To zoologists, the electric eel is a marvelous creature that can stunt its prey with a sudden discharge of electric current. However, to material scientists, the electrocytes within its body is the inspiration for the next generation flexible, biocompatible batteries.
In electric fish, an electric organ, usually derived from electrocytes-populated nerve or muscle tissue, is responsible for electrogenesis, the process of creating an electric field. The electrocytes function by pumping positive sodium and potassium ions out of the cell via Na-K pump, generating a rapid electrical potential gradient from the uneven charge separation created while consuming a large quantiy of adenosine triphosphate (ATP).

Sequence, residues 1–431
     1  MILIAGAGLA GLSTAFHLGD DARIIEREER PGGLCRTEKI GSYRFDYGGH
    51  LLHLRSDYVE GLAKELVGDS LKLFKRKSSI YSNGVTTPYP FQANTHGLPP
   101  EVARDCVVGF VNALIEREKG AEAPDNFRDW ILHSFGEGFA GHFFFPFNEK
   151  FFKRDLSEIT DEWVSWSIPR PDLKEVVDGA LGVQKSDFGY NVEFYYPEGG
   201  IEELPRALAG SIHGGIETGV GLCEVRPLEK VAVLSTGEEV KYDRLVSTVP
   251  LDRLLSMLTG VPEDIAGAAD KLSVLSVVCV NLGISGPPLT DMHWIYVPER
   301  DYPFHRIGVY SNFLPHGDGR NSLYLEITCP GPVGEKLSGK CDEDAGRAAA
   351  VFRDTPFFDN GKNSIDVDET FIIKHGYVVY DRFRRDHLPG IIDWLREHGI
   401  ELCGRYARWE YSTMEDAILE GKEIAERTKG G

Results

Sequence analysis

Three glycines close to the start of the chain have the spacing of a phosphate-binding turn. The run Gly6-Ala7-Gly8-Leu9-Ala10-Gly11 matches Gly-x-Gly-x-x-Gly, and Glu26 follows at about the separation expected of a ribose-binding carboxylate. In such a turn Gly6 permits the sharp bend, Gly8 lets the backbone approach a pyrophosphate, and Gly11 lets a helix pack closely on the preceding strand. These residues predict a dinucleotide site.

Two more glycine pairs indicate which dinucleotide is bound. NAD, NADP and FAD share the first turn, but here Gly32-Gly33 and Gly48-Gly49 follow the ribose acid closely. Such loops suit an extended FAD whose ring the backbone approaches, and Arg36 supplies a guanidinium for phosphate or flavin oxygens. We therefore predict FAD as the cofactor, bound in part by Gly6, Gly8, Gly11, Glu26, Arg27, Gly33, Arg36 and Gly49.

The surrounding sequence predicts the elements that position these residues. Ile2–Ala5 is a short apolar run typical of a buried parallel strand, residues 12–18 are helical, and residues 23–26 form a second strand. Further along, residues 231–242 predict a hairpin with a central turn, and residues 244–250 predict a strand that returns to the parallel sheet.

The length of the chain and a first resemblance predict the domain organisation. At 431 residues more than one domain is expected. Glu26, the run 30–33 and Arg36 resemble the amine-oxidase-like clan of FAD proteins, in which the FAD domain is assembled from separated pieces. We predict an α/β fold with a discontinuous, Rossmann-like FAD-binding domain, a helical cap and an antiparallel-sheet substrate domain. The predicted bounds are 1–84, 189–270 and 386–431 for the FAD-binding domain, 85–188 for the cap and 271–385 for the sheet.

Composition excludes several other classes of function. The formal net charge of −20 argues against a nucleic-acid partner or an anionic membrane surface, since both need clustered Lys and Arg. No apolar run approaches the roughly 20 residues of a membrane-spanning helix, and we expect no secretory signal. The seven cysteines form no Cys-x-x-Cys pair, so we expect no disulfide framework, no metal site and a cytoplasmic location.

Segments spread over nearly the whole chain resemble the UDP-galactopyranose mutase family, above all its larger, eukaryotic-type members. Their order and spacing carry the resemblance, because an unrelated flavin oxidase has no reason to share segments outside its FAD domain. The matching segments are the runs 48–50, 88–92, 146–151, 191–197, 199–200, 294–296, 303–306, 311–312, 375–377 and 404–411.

A team of scientists from Switzerland and the U.S. has come up with an electric-eel-inspired battery-like power source. The key component of their concept is stacked hydrogels units that can act like electrocytes. They hope that with these soft, flexible, transparent, and potentially biocompatible "batteries" can one day be used to power future wearable and implantable devices.
Source: Nature Video via Youtube